You can't really say that you've seen New York City until you've walked through the various neighborhoods. Each has its own story, unique vibe, and 'je ne sais quoi' that separates it from the rest of the city, and Chelsea is no exception. Here on any given day, you can turn your head to see Anna Wintour walking down the street, or Mario Cantone living like Carrie Bradshaw, bar hopping with his friends. Chelsea is a safe and affluent residential community, but with treats tempting tourists along every block.
Located West of Broadway to the Hudson River from 34th to 14th street, Chelsea surrounds the Meatpacking district, Hudson Yards, and the Flatiron District. It's an area of great accessibility, allowing for plenty of walking but also plenty of public transport, with the 1,2, and 3 trains located on 7th Avenue and the A, B, C, and L lines located on 8th.
The foundations of Chelsea are built upon the concepts of love, happiness, and acceptance — legacies left behind from the large groups of LGBT communities who migrated to the area in the 1970's. To this day, the friendly and welcoming vibe still holds true, and essentially anything goes. That, and everyone is almost always impeccably dressed.
Over the years, Chelsea has been developing rapidly with new restaurants, galleries, sporting venues and shopping spots. The High Line is one of the area's biggest draws, acting as an elevated walkway and respite from the busy streets for both locals and visitors. Should you wish to stretch beyond a simple walk, the Chelsea Piers offer a suburban-like approach to fitness, with classes, a hockey rink, bowling alley, and even a driving range all overlooking the Hudson River. If you're more of an observer than an active participant, a trip to Madison Square Garden ought to suffice, with the New York Knicks and New York Rangers both calling this centrally-located stadium home.
But Chelsea's community goes far beyond its athleticism. The arts scene is the area's biggest claim to fame, with people from all over coming to soak up the galleries that line the streets, and to mingle with the industry's elite. Whether you're traipsing the halls of the Whitney Museum of American Art or hitting the streets between 19th and 22nd (in-between 11th and 12th avenue), artistic works abound, and the very best can be seen in the David Zwirner Gallery and Luhring Augustine Gallery.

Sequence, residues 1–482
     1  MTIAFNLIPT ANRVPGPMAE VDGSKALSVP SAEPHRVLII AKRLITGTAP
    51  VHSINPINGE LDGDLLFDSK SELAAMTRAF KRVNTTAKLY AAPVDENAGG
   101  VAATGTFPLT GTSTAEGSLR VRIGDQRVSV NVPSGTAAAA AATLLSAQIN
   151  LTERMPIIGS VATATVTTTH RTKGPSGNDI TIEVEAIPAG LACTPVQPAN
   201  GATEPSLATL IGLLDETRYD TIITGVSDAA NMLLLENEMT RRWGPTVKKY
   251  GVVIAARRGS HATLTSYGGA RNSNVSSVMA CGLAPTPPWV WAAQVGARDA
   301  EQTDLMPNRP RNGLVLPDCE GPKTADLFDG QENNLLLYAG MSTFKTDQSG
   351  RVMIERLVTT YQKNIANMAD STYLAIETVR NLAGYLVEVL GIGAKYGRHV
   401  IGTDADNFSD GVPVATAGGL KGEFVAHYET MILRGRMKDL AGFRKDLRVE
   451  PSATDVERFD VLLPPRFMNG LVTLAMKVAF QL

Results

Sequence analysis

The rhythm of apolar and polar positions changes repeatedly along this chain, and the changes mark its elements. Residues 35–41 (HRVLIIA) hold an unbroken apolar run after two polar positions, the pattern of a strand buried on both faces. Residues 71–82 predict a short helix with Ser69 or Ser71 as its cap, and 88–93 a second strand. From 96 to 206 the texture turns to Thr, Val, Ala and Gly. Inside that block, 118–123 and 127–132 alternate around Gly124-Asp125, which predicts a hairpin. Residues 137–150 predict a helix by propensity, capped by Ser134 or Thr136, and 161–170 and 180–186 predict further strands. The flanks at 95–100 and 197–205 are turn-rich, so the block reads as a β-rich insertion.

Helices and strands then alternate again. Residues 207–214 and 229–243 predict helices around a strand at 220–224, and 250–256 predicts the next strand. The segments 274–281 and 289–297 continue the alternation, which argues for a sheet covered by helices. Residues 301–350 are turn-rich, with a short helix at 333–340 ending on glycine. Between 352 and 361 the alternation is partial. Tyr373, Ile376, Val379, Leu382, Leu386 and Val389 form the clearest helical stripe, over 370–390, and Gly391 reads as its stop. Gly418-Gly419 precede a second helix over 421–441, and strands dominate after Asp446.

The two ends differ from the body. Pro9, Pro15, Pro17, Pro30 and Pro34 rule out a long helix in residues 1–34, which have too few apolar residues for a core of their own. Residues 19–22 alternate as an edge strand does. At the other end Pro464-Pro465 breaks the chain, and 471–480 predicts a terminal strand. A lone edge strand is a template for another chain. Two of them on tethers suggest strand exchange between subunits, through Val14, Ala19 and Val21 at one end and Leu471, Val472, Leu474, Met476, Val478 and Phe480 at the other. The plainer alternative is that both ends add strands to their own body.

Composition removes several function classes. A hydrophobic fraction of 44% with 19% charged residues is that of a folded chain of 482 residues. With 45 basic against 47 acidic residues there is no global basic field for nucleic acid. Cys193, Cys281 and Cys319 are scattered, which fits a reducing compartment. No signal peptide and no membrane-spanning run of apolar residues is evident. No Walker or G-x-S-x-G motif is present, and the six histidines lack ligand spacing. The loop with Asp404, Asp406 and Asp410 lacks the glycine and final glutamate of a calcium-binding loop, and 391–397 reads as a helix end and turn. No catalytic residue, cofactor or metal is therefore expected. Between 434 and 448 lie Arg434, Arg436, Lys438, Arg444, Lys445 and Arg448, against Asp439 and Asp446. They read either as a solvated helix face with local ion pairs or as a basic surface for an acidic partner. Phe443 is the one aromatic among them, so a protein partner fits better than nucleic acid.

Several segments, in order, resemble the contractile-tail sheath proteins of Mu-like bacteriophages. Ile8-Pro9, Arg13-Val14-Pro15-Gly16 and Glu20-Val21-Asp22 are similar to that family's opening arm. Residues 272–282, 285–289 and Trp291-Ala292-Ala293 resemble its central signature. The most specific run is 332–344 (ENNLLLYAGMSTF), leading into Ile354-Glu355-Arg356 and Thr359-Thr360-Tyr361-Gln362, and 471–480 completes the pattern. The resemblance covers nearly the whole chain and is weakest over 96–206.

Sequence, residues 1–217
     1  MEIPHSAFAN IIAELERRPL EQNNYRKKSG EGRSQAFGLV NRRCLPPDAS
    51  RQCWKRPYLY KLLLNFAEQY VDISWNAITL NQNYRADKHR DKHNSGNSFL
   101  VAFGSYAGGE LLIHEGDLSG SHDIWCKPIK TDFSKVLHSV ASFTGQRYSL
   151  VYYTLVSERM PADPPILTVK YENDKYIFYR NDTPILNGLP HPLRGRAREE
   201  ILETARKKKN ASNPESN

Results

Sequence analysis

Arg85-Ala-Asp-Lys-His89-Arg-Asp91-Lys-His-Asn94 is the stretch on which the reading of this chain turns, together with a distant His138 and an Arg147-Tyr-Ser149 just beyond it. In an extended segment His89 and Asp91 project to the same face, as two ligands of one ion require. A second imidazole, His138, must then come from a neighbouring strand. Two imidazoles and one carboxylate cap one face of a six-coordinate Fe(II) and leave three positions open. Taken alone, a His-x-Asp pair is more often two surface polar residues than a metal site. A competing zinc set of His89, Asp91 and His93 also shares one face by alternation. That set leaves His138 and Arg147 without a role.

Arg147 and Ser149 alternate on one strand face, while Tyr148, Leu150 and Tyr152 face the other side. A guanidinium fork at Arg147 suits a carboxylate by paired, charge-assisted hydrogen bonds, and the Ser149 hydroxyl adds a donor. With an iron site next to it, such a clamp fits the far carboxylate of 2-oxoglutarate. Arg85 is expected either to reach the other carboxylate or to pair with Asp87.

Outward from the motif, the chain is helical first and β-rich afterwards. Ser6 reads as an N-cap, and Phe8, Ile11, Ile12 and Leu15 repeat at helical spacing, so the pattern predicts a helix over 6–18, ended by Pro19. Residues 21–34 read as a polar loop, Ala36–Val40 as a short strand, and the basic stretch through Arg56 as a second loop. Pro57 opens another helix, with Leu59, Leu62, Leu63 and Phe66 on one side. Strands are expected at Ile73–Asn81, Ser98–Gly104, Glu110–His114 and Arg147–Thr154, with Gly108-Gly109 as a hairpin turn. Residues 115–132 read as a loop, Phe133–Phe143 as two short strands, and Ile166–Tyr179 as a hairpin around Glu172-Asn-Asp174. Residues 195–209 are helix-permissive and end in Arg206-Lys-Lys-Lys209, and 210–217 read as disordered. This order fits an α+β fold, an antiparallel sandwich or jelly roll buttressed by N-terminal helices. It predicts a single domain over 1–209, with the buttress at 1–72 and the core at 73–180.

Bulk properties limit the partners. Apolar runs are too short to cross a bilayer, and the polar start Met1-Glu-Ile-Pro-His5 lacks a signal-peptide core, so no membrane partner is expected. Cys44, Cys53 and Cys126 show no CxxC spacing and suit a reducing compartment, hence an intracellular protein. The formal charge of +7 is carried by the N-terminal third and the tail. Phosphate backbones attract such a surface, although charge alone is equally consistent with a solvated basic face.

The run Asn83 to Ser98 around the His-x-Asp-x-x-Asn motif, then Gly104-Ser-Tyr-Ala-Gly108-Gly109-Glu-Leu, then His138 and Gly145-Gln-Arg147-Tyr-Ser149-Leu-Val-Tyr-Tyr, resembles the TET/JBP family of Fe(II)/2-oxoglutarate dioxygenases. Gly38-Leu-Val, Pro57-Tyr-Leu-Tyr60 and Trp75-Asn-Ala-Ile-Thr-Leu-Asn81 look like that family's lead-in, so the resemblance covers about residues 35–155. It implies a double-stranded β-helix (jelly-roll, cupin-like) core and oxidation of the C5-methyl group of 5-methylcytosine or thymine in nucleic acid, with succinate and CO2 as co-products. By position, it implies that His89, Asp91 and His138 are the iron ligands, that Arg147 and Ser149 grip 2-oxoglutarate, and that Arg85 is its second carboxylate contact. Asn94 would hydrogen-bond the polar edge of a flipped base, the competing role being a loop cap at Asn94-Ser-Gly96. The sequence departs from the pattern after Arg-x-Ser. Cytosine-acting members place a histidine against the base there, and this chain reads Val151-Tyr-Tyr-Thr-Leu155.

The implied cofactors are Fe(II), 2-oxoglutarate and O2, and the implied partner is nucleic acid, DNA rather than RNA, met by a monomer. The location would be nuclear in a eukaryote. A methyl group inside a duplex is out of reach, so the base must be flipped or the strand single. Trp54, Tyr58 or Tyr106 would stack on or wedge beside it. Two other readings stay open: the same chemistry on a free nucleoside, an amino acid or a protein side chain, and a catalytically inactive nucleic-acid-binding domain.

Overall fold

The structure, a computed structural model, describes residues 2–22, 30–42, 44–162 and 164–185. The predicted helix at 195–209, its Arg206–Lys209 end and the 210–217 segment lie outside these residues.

When it comes to food, Chelsea is home to bustling markets, countless trendy cafes and restaurants, and one of the greatest indoor food halls in the world. The Chelsea Market boasts 35 different vendors selling everything from coffee to wine, tacos to donuts, and burgers to Chinese food. Each year around 6 million visitors come to taste the creations within these walls, and each year 6 million leave with smiles on their faces and bellies full of tasty bites. Just two blocks away is an open-air option, the Gansevoort Market, where New Yorkers have purchased produce ever since it first opened in 1884.
For those who prefer to wine, dine, and settle in for hours on end, Cafeteria is one of the area's most popular restaurants, located on 17th and 7th Avenue. Visited by some of the world's biggest celebrities (yes, Kim Kardashian has been known to eat here), you'll want to dress to impress. Luckily, Barneys New York expanded into Chelsea just last year, taking up real estate right next to the famed foodie venue.
As the dusk turns to darkness and the clatter of cutlery fades away, nightlife in Chelsea tends to take over. Some of New York's hottest clubs are located within these borders, like PhD Rooftop at the Dream Hotel, or Le Bain at the Standard. It's at these, and at Tao Downtown and the Gilded Lily, that you'll be guaranteed a good time and a lengthy night out.